Barkan Chapter 5: Criminological Theories-Rational Choice theory Crime theories try to answer at least one of three questions: 1. Why are some individuals more likely than other to commit crime? 2. Why are some categories or kinds of people more likely than others to commit crime? 3. Why is crime more common in some locations than in other locations? ∙ If we want to reduce crime we first must understand why they are even happening in the first place. ∙ Neoclassical explanations assume that people act with free will. ∙ If the fault of the crime lies within the individual, then to reduce crime we must change the individual. ∙ If the roots of crime lie more in criminogenic features of the social environment then new criminals will always be emerging and the crime problem will continue unless we address these features. People in ancient time had different explanations of crime: 1. God was testing their faith 2. God was punishing them 3. God wad using their behavior to warn other to follow divine rules 4. They were possessed by demons The classical school of criminology -Founder: Cesare Beccaria -Jeremy Bentham and Cesare Becaria had the same views -He believed that people act rationally and with free will -People choose all behavior, including criminal behavior -They make choices that will bring them pleasure/benefits -The more certain, proportionate and swift the punishment the easier it is to control criminal behavior -He believed that the primary purpose of the criminal justice system was to deter criminal behavior rather than to avenge the harm that criminals do. ∙ Therefore the criminal justice system needs to make criminals believe that they have a strong chance of being arrested and punished. ∙ Criminals can be controlled by fear Positive School of Criminology -Founded byAuguste Comte -Believed that human behavior is determined by forces beyond the individuals control -Positivism accepts the states definition of crime by ignoring the possibility that society’s ruling groups define what is criminal. Therefore it accepts the legitimacy of a social system that may contain serous injustices. -Denies free will, external and internal forces affect individuals criminal behavior -Believe that criminals are different than the rest of us not only in their behavior but also in the biological, psychological, and social factors determine their behavior. In the 1960s, rehabilitation of known criminals was under attack National surveys failed to find good examples of what worked regarding rehabilitation of offenders By the mid-1970s there was renewed interest in the classical approach to crime Criminologist began to suggest that it made more sense to frighten criminals with severe punishments than to waste public funds trying to improve social conditions linked to crime Neoclassical Perspectives ∙ Based on classical view that criminals are normal, rational individual who choose to commit crime after calculation the potential risk and rewards of doing so ∙ Rationale choice theory, deterrence theory, routine activities theory should be “Close Cousins” Rational Choice Theory -Law violating behavior is the product of careful thought and planning -Offenders choose crime after considering both personal and situational factors -They weigh the cost and benefits (rewards and risks) -They take into account several factors: ∙ Possible opportunities for earning money from legitimate occupations ∙ Amount of legitimate money they might earn ∙ Amount of money they might gain from committing crime ∙ Possibility of being arrested for committing crime ∙ Possibility of being punished if arrested -Motivations are not important -Rational choice focuses on Event decisions not Involvement decisions -Event Decisions have 5 stages: 1. Preparing to commit crime 2. Selecting a target 3. Committing the crime 4. Escaping 5. Aftermath of crime -Involvement decisions have 3 stages: 1. Committing crime for the first time (initiation) 2. Continuing to commit crime (habituation) 3. Ceasing to commit crime (desistance) -Mainly for monetary gain -WC crimes, robberies -Criticism: exaggerating the rationality of criminal offenders (most are under the influence therefore are unable to think rationally. Deterrence Theory -Shares views with rational choice theory -Looks at how we can deter people from committing crime -Looks at punishment -Believes the more we punish the less crime there will be -There are many different types of deterrence: ∙ Absolute deterrence: having some legal punishment (arrest, incarceration) ∙ Marginal deterrence: increasing severity, certainty, and swiftness of legal punishment ∙ General deterrence: don’t break law because they fear legal punishment ∙ Specific deterrence: offenders that have already been punished do not commit another crime because they do not want to face legal consequences again. ∙ Objective deterrence: impact of actual legal punishment ∙ Subjective deterrence: perception of the likelihood and severity of legal punishment -Research shows that general and specific deterrence does not work There are 2 types of criminal offenses: ∙ Instrumental offenses: committed for material gain with some type of planning ∙ Expressive offenses: committed for emotional reason with little to no planning. RoutineActivities Theory -Situational Crime prevention to reduce criminal activity, city planners must be aware of the characteristics of sites and situations. -Criminal acts can be avoided if: ∙ Potential targets are carefully secure ∙ The means to commit crime are controlled ∙ Potential offenders are carefully monitored Ex. Hot –spot policing, Increased lighting and use of CCTV cameras, security cameras, security systems for cars and buildings. = Policies Strengths: it explains important aspects of differences in crime rates among different categories of people and among different locations and also explains important aspects of changes in crime rate over time. Weakness: ignores the factors that motivate offenders to commit crime. Barkan Chapter 7: Theories of Crime- Social Processes Theories Social Process Theories -Based on the process of socialization · The interactions people have with various organizations, institutions and processes of society · Criminality is a function of the above -All people, regardless of their race, class, or gender, have the potential to become delinquents or criminals - Human nature is basically selfish There are elements that are critical for socialization: ∙ Family Structure and family functioning ∙ Educational experience ∙ Peer relations ∙ Institutional Involvement and belief (religion) -Socialization is critical for social order -There are 3 types of Social process theories, learning, control, labeling Social Learning Theories -Most people learn to obey society’s norm but some learn to violate these norms -Crime is a product of learning the norms, values, and behaviors associated with criminal activity · Learning the techniques of crime -Prominent social learning theories are: · DifferentialAssociation theory · Neutralization Theory DifferentialAssociation theory -Has principles: 1. Criminal behavior is learned 2. Learning takes place through criminal teachers 3. Learning is more effective when the teachers have close, intimate ties with learners 4. Criminal behaviors are defined and valued in a favorable light 5. Aperson becomes delinquent because of an excess of definitions favorable to the violations of law over definitions unfavorable to the violation of the law 6. Differential associations may vary in frequency, duration. Priority, and intensity Weaknesses: -Doesn’t account for origin of criminal definitions -Assumes criminal acts are planned and group based, ignores rand violent acts and individuals’ crime -Internalization of deviant norms may follow, rather than precede, criminal acts. Strengths: Helps explain gender difference in criminality because females have fewer delinquent peers. Neutralization Theory -Process of becoming a criminal is a learning experience in which potential delinquents and criminals master techniques that enable them to neutralize conventional values ∙ Subterranean values ∙ Drift -Helps to explain: ∙ why many delinquents do not become adult criminals (aging out of crime) ∙ onset of white collar crime ∙ why youthful law violators can participate in conventional behavior -Adolescents develop neutralization techniques or rationalization to minimize amount of guilt they can possibly feel: · Denial of responsibility (They made me do it! I didn’t have a choice!) · Denial of injury (They have insurance! They have too much money) · Denial of the victim (She talked back! He has it coming!) · Condemnation of the condemners (Everyone does it!) · Appeal to higher loyalties (He is a stranger! Only cowards run away!) -Criminals sometimes voice guilt over their illegal acts -Offenders frequently respect and admire honest, law-abiding people -Criminals draw a line between those whom they can victimize and those whom they cannot -Criminals are not immune to the demands of conformity Criticism of Neutralization theory: Serious adolescent offenders don’t feel guilt and have nothing to neutralize Strengths of learning theories: -They make a significant contribution to our understanding of the onset of criminal behavior. Weaknesses of learning theories: -Fail to account for the origin of criminal definitions -Fail to explain random acts of violence -There is little evidence that people learn techniques that enable them to become criminals before the actually commit crimes Social Control Theories -All people have the potential to violate the law -Society presents many opportunities for illegal activity -Social Control Theory is actually an attempt to explain why people obey the rules and do not commit crime -Strengths · Explains the onset of crime · Can apply to both the middle and lower classes -People obey the rules because they have: ∙ Self-control -Astrong moral sense that renders someone incapable of hurting others and violation social norms ∙ Commitment to conformity -Develops with a strong commitment to conventional institutions, individuals, and processes Social Bond Theory- Travis Hirschi -Why people don’t commit crime -Humans are selfish -Crime is more common among individuals with weakened bonds to the same institutions -Links the onset of criminality to the weakening of the ties that bind people to society -Assumes that everyone is potentially a law violator ∙ They are kept under control because they fear illegal behavior will damage their relationship ∙ Without social bonds people are more likely to commit crime -Social bonds have 4 dimensions: ∙ Attachment (to family friend’s education. How much we care about their opinion) ∙ Commitment (to conventional values. Investment of energy) ∙ Involvement (in conventional activities. More time spent less time to deviate) ∙ Belief (acceptance of norms) -When any of the dimensions are weakened individuals are more prone to criminal activity. -When the dimensions are strong individual are more prone to conforming behavior. 1. Focus on family and schools to strengthen bond 2. Reconfigure an offenders self-image Labeling Theory -Deviance is not a property of behavior, but a result of how others regard the behavior -People in power impose definitions of deviance/crime on behaviors committed by people without power ∙ What is ‘criminal’and what is legal -‘Deviant labels’are applied not only to acts but to people too ∙ Sexual Offender Society’s response to offenders is key, because: -It determines the individual futures of those labeled as criminals -It may contribute to increased criminality by reducing the options available to labeled offenders ∙ Once a person has been labeled, access to legitimate opportunities is limited, and only others who have been similarly defined by society are available to associate with them -Continued association with negatively defined others lead to continued crime -Labeling Process is as follows: ∙ Initial CriminalAct ∙ Detection by the Criminal Justice System ∙ Decision to Label (Deviant Labels) ∙ Creation of a New Identity ∙ Acceptance of Labels ∙ DevianceAmplification There are consequences to labeling: -Stigma -Labeled individuals may join deviant cliques -Retrospective reading ∙ Afte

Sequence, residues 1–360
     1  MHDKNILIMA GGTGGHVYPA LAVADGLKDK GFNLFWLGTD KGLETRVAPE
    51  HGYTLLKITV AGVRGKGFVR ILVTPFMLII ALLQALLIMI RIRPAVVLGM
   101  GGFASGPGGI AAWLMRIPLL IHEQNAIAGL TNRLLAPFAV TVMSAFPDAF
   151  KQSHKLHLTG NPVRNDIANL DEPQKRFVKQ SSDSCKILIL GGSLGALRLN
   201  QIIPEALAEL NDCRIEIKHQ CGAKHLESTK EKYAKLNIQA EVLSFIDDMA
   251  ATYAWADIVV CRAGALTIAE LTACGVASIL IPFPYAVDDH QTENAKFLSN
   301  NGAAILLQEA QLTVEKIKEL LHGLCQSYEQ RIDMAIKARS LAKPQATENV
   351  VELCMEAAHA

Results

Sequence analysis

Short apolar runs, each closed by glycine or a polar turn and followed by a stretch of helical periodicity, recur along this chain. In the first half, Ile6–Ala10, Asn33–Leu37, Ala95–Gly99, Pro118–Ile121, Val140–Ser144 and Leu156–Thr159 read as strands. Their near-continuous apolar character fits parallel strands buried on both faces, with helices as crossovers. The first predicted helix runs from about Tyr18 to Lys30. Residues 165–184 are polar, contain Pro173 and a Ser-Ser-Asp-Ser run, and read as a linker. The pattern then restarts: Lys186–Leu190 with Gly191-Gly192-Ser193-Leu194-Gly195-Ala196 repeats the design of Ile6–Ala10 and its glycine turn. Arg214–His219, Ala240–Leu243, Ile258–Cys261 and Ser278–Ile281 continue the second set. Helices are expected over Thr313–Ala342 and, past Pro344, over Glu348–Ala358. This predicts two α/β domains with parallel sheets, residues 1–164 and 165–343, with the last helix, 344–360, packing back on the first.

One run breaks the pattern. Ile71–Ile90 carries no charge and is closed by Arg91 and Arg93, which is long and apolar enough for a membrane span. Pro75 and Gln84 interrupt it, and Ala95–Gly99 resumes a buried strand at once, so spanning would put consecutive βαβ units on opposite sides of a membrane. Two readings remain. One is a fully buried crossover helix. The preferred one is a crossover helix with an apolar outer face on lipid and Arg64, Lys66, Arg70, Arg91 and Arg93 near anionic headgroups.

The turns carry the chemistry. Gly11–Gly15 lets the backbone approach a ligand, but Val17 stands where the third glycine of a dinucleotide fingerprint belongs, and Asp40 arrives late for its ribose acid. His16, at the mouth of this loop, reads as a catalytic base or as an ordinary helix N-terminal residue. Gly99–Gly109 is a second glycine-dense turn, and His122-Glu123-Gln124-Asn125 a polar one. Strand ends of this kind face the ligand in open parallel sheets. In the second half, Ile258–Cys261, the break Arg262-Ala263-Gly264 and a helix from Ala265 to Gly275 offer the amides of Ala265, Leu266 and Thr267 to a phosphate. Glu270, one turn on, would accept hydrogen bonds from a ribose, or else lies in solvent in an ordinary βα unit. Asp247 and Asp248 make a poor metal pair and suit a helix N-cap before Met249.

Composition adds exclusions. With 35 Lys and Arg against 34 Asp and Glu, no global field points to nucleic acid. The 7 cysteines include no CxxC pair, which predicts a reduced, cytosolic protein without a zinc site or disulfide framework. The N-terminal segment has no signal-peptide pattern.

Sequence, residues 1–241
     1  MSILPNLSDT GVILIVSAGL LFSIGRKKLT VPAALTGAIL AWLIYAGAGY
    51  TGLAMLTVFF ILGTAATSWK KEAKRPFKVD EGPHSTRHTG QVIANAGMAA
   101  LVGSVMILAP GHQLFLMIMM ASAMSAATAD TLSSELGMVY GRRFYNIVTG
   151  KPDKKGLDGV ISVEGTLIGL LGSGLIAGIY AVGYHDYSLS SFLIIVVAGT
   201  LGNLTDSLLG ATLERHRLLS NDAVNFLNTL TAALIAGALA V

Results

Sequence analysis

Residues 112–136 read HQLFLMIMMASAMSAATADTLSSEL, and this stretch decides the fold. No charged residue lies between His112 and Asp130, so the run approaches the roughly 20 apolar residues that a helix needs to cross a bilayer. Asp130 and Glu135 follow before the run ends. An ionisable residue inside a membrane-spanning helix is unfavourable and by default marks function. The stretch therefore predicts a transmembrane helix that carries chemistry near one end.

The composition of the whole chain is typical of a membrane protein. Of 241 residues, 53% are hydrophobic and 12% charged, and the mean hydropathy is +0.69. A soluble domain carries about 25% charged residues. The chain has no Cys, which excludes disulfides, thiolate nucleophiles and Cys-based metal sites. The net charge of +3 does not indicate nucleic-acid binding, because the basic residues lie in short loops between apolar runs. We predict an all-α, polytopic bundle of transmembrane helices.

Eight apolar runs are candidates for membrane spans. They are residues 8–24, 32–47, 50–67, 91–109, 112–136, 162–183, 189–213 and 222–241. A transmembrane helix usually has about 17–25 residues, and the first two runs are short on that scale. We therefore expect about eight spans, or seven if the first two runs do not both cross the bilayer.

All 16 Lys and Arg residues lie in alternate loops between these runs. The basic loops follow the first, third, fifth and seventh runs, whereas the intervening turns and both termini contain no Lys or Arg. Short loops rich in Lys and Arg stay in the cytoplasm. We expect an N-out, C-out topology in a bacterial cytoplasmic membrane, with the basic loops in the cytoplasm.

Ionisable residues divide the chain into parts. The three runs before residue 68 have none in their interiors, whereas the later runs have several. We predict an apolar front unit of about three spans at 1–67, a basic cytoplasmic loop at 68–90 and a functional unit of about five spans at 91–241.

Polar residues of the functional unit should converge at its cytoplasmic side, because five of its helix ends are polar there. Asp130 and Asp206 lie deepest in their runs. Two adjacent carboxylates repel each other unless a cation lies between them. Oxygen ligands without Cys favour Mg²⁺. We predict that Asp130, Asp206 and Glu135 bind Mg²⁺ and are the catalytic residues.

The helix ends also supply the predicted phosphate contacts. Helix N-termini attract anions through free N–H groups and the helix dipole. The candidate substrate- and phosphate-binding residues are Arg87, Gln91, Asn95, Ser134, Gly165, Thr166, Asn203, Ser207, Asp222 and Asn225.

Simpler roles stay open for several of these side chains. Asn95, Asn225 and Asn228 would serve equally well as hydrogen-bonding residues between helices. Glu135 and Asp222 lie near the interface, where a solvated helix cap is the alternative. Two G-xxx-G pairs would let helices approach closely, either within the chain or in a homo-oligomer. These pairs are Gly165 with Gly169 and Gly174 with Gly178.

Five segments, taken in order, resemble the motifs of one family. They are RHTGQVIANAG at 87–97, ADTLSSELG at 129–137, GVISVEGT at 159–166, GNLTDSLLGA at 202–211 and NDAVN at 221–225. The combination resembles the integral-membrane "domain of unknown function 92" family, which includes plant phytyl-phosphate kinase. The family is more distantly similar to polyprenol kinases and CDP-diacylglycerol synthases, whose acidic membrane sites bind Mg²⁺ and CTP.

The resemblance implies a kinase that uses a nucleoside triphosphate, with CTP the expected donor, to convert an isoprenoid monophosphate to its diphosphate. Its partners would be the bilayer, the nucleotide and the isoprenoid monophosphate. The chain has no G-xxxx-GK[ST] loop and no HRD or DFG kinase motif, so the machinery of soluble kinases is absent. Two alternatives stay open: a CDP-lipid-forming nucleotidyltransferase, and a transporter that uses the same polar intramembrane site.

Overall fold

More Less

Related notes for CRMJ 201

Log In


OR

Join OneClass

Access over 10 million pages of study
documents for 1.3 million courses.

Sign up

Join to view


OR

By registering, I agree to the Terms and Privacy Policies
Already have an account?
Just a few more details

So we can recommend you notes for your school.

Reset Password

Please enter below the email address you registered with and we will send you a link to reset your password.

Add your courses

Get notes from the top students in your class.


Submit